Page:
Fortunately, St. Philip’s role in hosting Fulbright Scholars didn’t end with the Naylors. Nor did it stop at the physical edge of the St. Philips campus. Instead, the Fulbright Commission said, “We want to encourage you to bring a scholar from a developing country. If you don’t have a specific scholar in mind, you can still get the Fulbright grant. The grant comes to the institution, to the college. But then you can either name someone or ask us here at the Fulbright Foundation to help you find someone.”

And eventually, the entire city of San Antonio became involved in hosting visiting Fulbright Scholars. Consequently, scholars had the opportunity to participate in a host of events across the city. For example, a theater group did a show about conflict, and one visiting scholar became part of that cast. Additionally, active duty service members at Lackland Air Force Base asked Dr. Naylor to discuss his experiences interacting with the British military during the Troubles. As Hill noted in his presentation, “It was interesting to see them find common ground, and to discuss the ethics of violent conflict and peacekeeping.”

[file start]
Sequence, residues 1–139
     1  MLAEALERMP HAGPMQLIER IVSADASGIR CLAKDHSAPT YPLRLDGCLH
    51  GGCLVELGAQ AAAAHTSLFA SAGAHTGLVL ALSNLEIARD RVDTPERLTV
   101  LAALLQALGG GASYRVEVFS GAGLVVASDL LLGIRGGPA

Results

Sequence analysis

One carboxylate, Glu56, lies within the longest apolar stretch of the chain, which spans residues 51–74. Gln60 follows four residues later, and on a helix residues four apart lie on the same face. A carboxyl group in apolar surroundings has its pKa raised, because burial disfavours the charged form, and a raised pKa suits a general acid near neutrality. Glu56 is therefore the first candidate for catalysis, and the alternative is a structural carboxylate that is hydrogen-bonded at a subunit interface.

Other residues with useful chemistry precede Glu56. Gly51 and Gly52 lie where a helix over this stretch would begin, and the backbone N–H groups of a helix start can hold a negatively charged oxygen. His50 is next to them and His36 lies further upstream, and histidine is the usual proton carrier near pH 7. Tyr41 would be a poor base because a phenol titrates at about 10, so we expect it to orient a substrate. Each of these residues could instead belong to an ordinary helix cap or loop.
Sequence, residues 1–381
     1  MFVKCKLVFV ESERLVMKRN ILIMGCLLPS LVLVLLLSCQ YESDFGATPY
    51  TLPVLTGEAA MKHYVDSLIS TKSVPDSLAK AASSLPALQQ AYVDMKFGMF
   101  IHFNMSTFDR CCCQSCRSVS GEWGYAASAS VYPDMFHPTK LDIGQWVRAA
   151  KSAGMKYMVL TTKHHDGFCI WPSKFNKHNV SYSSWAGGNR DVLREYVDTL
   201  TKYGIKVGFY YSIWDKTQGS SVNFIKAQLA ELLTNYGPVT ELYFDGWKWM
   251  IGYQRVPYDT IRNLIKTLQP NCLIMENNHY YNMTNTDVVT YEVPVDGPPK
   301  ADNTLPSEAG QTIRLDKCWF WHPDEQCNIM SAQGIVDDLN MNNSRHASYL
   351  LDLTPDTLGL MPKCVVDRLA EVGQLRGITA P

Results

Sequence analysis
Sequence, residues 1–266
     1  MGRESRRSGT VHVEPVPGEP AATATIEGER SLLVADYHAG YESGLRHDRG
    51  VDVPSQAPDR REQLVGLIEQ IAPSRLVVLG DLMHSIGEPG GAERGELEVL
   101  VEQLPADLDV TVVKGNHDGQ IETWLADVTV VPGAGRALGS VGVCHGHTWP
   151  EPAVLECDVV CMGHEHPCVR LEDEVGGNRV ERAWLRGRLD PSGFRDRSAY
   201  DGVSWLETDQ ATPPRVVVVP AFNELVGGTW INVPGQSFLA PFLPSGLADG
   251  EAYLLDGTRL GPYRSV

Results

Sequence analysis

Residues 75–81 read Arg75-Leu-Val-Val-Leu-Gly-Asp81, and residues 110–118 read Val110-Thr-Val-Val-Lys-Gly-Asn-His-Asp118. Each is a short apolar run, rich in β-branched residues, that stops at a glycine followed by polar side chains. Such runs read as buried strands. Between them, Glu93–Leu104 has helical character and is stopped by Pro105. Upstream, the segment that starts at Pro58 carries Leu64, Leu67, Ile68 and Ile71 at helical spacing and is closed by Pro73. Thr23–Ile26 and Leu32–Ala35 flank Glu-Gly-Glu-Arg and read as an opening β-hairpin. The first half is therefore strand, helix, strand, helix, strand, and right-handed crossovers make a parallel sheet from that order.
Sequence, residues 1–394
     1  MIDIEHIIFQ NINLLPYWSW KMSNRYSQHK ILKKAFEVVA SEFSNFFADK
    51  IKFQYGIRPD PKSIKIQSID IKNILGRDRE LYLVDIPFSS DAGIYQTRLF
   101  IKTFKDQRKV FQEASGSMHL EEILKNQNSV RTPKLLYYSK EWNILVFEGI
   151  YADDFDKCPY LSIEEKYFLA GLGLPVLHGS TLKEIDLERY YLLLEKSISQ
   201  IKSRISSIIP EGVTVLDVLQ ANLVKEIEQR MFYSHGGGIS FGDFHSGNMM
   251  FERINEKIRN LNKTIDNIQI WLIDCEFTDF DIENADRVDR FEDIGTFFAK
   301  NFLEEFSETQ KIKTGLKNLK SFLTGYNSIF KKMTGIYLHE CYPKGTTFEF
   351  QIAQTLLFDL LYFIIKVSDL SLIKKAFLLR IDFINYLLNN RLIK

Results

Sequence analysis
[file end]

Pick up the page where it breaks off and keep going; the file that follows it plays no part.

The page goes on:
To kick off the second portion of their joint presentation, Young explained, “At that time our college was going through an institutional improvement plan focused on ethical decision making. These scholars helped to reinforce that theme to our students.” Today that same theme continues through discussions about global decision making, not just for students, but also with interested faculty and staff. In this way, the entire institution benefits from interacting with visiting scholars.